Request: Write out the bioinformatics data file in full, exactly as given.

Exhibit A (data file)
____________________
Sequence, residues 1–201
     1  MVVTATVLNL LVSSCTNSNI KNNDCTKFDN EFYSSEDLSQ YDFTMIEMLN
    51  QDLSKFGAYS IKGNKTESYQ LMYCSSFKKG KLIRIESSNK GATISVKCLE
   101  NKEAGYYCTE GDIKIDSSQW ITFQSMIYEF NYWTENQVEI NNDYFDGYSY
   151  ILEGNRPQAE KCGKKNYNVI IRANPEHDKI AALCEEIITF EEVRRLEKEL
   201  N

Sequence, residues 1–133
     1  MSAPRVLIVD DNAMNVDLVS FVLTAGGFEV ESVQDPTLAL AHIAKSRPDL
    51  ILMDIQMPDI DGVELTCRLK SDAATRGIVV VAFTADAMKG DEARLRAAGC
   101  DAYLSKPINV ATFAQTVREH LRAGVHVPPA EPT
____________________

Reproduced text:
Sequence, residues 1–201
     1  MVVTATVLNL LVSSCTNSNI KNNDCTKFDN EFYSSEDLSQ YDFTMIEMLN
    51  QDLSKFGAYS IKGNKTESYQ LMYCSSFKKG KLIRIESSNK GATISVKCLE
   101  NKEAGYYCTE GDIKIDSSQW ITFQSMIYEF NYWTENQVEI NNDYFDGYSY
   151  ILEGNRPQAE KCGKKNYNVI IRANPEHDKI AALCEEIITF EEVRRLEKEL
   201  N

Sequence, residues 1–133
     1  MSAPRVLIVD DNAMNVDLVS FVLTAGGFEV ESVQDPTLAL AHIAKSRPDL
    51  ILMDIQMPDI DGVELTCRLK SDAATRGIVV VAFTADAMKG DEARLRAAGC
   101  DAYLSKPINV ATFAQTVREH LRAGVHVPPA EPT